Deception sometimes results in nonconsensual sex. A recent body of literature diagnoses such violations as invalidating consent: the agreement is not morally transformative, which is why the sexual contact is a rights violation. We pursue a different explanation for the wrongs in question: there is valid consent, but it is not consent to the sex act that happened. Semantic conventions play a key role in distinguishing deceptions that result in nonconsensual sex (like stealth condom removal) from those that don’t (like white lies). Our framework is also applicable to more controversial cases, like those implicated in so-called “gender fraud” complaints.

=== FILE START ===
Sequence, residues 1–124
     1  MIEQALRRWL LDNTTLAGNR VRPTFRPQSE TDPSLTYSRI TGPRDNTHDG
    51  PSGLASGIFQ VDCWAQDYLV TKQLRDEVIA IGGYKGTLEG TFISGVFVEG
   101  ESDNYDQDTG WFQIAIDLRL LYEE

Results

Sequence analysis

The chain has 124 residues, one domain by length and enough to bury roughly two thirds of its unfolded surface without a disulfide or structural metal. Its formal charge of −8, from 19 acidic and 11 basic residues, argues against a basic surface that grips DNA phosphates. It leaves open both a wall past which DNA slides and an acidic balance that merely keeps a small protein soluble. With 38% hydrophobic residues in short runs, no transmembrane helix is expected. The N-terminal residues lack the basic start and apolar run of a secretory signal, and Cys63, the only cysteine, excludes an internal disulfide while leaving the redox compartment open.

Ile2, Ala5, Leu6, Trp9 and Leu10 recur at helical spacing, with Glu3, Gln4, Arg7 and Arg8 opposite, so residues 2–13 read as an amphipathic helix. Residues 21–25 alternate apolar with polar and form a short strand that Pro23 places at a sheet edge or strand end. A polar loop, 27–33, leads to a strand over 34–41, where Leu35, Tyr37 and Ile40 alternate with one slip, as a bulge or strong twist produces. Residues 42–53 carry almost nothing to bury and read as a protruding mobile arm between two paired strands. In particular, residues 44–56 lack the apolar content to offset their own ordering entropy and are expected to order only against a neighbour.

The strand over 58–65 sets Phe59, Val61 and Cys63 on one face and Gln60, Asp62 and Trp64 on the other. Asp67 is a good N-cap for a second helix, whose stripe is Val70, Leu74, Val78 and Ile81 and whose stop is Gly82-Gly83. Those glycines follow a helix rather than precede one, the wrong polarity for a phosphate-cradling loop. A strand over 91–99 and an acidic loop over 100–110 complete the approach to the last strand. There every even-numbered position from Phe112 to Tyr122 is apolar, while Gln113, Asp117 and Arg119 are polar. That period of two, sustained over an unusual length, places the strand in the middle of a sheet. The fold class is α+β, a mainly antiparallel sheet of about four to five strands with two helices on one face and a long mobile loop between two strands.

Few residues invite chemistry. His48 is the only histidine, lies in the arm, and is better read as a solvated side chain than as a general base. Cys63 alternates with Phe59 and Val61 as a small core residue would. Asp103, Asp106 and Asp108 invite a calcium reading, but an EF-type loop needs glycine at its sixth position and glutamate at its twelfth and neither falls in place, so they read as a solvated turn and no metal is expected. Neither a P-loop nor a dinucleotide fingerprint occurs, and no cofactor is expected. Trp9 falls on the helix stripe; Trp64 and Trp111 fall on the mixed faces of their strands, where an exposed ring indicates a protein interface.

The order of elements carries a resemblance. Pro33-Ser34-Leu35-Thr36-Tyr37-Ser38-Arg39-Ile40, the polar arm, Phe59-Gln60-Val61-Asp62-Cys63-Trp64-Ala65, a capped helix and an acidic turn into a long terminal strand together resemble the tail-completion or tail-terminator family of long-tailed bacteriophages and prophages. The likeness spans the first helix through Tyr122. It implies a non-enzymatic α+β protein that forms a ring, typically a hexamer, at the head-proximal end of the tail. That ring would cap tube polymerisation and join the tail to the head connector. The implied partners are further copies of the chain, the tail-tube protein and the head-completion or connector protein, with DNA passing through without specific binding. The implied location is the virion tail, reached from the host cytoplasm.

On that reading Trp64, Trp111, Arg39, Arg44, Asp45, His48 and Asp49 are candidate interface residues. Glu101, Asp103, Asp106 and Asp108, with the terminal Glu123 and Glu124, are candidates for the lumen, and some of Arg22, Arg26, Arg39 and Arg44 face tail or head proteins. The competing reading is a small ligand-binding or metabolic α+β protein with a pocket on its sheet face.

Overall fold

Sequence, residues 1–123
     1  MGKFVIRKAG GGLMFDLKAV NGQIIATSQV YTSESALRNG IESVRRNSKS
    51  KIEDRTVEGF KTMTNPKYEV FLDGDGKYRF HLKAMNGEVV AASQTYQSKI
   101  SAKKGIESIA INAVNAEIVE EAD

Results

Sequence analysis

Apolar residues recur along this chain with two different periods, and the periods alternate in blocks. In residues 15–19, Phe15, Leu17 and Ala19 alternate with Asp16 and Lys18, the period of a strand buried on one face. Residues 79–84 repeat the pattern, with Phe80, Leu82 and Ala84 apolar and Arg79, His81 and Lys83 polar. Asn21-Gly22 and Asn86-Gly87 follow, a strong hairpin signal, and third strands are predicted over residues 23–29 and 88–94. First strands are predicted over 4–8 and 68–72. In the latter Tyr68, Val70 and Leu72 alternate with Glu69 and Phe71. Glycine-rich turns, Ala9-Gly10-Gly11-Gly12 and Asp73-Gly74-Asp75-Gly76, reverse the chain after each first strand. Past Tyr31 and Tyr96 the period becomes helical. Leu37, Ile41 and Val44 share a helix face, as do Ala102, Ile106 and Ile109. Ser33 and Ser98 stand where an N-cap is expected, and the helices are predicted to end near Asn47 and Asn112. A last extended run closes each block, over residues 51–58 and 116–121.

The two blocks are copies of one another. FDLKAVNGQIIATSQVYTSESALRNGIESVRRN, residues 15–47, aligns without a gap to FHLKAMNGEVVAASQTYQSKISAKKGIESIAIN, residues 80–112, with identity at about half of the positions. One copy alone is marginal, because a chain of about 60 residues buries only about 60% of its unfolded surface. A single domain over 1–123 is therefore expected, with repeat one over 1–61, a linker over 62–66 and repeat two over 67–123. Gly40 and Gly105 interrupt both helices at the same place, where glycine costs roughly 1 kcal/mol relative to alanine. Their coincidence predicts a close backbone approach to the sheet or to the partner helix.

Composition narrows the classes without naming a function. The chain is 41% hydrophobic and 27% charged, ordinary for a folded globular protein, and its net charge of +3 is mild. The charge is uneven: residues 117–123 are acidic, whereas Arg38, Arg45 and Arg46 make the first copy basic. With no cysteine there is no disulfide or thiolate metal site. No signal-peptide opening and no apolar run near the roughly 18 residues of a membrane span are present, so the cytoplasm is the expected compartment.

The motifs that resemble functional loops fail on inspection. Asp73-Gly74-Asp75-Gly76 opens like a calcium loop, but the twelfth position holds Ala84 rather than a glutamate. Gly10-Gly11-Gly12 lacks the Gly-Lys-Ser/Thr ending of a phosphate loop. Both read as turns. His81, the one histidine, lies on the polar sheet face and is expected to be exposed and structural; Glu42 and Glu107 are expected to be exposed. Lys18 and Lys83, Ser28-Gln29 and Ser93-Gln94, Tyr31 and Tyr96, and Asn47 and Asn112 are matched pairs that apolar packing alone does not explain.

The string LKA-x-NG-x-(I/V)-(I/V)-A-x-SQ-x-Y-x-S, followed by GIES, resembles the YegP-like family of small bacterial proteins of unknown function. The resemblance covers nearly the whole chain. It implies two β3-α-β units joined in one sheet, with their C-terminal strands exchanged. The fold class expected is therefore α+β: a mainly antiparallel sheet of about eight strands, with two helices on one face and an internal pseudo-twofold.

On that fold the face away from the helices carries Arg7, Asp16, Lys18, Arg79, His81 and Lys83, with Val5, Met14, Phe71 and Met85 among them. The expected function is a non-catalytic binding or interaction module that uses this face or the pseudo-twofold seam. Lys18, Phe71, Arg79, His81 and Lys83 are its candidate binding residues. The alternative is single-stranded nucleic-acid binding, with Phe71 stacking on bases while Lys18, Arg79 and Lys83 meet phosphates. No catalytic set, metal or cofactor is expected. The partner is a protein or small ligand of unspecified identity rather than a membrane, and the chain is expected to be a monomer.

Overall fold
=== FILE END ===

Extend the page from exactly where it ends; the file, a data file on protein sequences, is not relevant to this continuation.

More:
Comment (from this Blueprint): Tilton and Ichikawa attempt to work out what goes wrong in certain deception cases but not in others. This is useful as a reply to Dougherty's argument that sex from deception is always morally serious and it engages with the issues Fischel raises around gender deception.